Tuesday, August 31, 2010

There’s betting – and there’s betting







Michael Vaughan tweets: “Off to Aussie to film a TV commercial for Betfair... for The Ashes. Quite ironic with what's been going on…” Indeed it is Michael and whilst we can make a clear distinction between what Betfair does (and what you are doing) and the seamy illegal side of gambling that has reared its ugly head the irony that you identify is a real one.

Yesterday I asked John Stern, the distinguished editor of “The Wisden Cricketer”, whether it was time for Sky to drop their slogan “It matters more if there is money on it”. Stern said “…therein lies the massive conflict of interest. Spot/spread betting (legal) [is a] huge backer of pro sport”. Now I am not much of a gambler – I can always find better things to do with my hard earned money than passing it to a bookie. But I can see that sport and gambling are inextricably tied together – and indeed they always have been. The noble sport of Cricket started in an era of gentlemen’s wagers and indeed it is arguable that the game might not have got off the ground at all without gambling.

Today every ground has betting facilities and betting advertising – as at The Oval in the photograph. To regret this development is I’m afraid na├»ve – as John Stern says betting is everywhere in sport. So if the culture is one in which gambling is encouraged, and it is, then how do we judge what seems to have been going on in the shady world of illegal gambling and the fixing of cricket matches or incidents within these matches? Is there not a tinge of hypocrisy about on the one hand actively encouraging betting companies like BetFair to be involved in cricket (as Michael Vaughan is doing) whilst on the other hand condemning players’ involvements in gambling?

The answer to my question is, of course, that there is a world of difference between legal gambling and the sordid world of match or spot fixing. The boundary is clear between what is legal, if a bit distasteful (the modern obsession with having a punt) and the grotesque negation of the true spirit of sport that is so gruesomely on view at the moment. Personally I have never thought that it is the case that “it matters more if there is money on it” and I find the slogan offensive and insulting. Would England’s win in the World Twenty20 or the 2009 Ashes have mattered more to me if I had had a successful bet on these outcomes – not at all? Others may take a different view – that is their choice – but there are few situations where I would feel the need to place a sporting bet. At a race meeting perhaps – but that is about it.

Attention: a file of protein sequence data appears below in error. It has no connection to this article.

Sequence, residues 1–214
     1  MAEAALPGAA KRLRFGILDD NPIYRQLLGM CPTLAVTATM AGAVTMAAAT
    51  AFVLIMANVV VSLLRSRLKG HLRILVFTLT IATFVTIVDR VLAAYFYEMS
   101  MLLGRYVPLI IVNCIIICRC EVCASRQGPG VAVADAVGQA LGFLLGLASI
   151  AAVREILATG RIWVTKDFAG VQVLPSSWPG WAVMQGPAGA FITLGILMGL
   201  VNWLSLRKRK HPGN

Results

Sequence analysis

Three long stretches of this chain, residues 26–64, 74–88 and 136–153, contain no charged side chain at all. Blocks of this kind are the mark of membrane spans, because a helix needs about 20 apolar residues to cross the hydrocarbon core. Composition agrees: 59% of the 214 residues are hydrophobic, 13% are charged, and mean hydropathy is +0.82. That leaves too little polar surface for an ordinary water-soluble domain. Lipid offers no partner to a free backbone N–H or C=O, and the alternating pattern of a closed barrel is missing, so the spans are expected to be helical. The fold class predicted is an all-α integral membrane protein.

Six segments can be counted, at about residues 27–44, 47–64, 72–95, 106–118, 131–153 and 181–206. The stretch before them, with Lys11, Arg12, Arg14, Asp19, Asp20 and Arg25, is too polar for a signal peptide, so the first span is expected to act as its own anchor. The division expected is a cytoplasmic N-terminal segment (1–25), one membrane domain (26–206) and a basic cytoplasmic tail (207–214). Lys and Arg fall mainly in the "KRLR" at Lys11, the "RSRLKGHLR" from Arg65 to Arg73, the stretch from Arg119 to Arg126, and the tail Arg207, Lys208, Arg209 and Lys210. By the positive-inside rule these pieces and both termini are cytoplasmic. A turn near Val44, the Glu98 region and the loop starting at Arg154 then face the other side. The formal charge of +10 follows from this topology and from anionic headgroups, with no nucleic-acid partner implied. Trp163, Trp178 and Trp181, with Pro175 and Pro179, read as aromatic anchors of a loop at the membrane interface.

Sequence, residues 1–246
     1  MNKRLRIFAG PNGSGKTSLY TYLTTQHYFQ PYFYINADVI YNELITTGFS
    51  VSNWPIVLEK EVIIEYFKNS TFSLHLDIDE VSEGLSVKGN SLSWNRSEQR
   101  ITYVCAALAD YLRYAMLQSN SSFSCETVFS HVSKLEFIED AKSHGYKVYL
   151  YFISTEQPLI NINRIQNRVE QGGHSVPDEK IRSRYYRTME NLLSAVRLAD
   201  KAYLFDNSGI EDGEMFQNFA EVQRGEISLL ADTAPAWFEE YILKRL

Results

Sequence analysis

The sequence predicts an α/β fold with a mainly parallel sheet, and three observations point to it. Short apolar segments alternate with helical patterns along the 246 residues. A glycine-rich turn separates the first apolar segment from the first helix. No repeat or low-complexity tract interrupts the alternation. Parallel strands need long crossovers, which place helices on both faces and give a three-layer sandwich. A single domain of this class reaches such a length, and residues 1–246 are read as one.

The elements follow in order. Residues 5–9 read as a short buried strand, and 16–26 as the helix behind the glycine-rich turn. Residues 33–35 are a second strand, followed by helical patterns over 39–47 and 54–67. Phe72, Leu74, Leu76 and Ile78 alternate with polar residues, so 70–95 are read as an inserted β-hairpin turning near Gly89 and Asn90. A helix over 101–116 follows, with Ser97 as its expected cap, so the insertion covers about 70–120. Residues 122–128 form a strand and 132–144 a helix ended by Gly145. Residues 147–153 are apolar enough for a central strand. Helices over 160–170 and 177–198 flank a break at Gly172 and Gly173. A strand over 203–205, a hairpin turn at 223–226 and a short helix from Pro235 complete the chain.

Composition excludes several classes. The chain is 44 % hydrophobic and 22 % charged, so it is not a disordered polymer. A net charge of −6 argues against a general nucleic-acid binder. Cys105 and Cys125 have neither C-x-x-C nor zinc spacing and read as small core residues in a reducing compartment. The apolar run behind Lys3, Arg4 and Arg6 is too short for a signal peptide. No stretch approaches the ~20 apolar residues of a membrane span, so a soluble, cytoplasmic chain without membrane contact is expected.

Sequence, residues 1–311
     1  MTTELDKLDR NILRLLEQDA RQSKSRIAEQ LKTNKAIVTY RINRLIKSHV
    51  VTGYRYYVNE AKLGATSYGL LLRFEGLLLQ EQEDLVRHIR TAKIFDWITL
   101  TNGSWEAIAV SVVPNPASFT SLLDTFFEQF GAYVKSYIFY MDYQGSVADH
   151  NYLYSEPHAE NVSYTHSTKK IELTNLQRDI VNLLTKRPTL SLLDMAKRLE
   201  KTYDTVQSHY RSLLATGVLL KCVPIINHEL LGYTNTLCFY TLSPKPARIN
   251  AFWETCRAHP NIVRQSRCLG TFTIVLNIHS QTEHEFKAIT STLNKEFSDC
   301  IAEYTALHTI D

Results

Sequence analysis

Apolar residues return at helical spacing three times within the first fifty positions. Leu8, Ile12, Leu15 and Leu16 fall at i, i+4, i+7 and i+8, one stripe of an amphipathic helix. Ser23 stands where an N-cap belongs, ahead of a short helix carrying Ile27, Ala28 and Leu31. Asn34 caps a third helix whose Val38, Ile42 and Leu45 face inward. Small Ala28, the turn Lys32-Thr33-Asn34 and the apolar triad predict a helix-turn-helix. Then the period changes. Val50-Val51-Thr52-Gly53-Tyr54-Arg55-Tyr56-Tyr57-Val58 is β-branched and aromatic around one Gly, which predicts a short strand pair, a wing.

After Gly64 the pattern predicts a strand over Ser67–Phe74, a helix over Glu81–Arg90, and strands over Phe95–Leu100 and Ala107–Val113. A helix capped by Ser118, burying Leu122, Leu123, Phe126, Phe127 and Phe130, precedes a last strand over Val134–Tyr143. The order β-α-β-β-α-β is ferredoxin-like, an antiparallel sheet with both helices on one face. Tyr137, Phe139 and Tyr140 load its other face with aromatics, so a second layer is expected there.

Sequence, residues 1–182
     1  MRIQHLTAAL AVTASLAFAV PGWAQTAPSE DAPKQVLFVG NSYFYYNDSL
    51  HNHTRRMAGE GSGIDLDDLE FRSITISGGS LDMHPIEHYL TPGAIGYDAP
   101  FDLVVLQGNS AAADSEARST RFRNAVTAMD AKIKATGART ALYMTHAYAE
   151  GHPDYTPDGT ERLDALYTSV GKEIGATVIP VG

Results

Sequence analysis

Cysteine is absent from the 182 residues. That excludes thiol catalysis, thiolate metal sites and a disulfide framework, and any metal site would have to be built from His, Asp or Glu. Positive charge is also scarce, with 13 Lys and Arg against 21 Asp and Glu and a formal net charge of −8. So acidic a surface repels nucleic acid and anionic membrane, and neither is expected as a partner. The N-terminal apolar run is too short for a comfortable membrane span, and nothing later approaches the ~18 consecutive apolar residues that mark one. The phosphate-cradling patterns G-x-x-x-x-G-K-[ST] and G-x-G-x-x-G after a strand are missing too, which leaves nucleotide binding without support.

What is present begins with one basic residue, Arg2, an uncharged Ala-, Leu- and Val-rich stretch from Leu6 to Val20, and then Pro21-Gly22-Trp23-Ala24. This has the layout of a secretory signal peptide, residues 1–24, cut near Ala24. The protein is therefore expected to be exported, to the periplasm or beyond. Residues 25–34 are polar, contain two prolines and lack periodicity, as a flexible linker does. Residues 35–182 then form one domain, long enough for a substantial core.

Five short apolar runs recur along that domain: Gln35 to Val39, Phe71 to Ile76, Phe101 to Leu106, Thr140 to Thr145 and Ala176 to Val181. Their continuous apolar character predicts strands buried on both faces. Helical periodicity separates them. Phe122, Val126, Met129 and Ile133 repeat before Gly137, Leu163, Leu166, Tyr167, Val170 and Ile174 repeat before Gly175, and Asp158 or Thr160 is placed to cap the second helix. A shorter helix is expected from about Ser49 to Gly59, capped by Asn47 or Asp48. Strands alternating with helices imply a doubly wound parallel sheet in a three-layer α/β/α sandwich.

But what is apparently taking place all over South Asia, and elsewhere, is not the occasional ten quid each way on a horse in the 3:30 or a punt on the result of a cricket match. It is systematic illegal gambling on a huge scale with the prizes so large that it pays the criminals involved to try and fix outcomes. In order to put the fix into effect these people have to have access to the players and have to make it worth the while of the players to do what they ask. So middlemen, like Mazhar Majeed in the current case, somehow inveigle their way into the players’ sphere and manage to recruit some of them to do the necessary. Which brings me to the main point – this is a comprehensive failure of management by the Pakistan Cricket Board. Four years ago at the Oval we saw what happens when a squad of players is incompetently managed by officials. I wrote at the time “The root cause of Sunday’s Oval fiasco was a lack of proper leadership when it mattered most. Inzaman-Al-Haq should have said to his players “Look guys we are not happy about the ball-tampering allegations but the right time to progress this is after the match. Let’s get on and win it”. When he failed to do this Bob Woolmer or Zaheer Abbas or the ineffable Shaharyar Khan should have stepped in and said something similar. Instead there was vacillation and they all bowed to player power”. Four years on and it is self-evident that Pakistan’s cricket management is as useless as it ever was.

Finally let me express some sympathy for the 18-year-old Mohammed Amir whose highly promising career is likely to be ruined by this affair. At 18 you should know right from wrong but if you are in any doubt at all you should have someone to turn to. That someone could not be his Captain as it seems that Salman Butt was himself up to his neck in the spot fixing affair. But what about the team manager Yawar Saeed? One question that should be asked of Saeed is this. “Before this tour began did you hold a briefing session with the players to warn them of the possibility of illegal approaches by match fixing middlemen? In particular did you speak with the very young players on their first big tour, like Mohammed Amir, and warn them of the dangers. And did you say to them that if they saw or heard anything that made them uncomfortable then they should come straight to the team management for advice.” If no such briefing was held by Saeed and his team at least part of the blame for this debacle lies on his shoulders.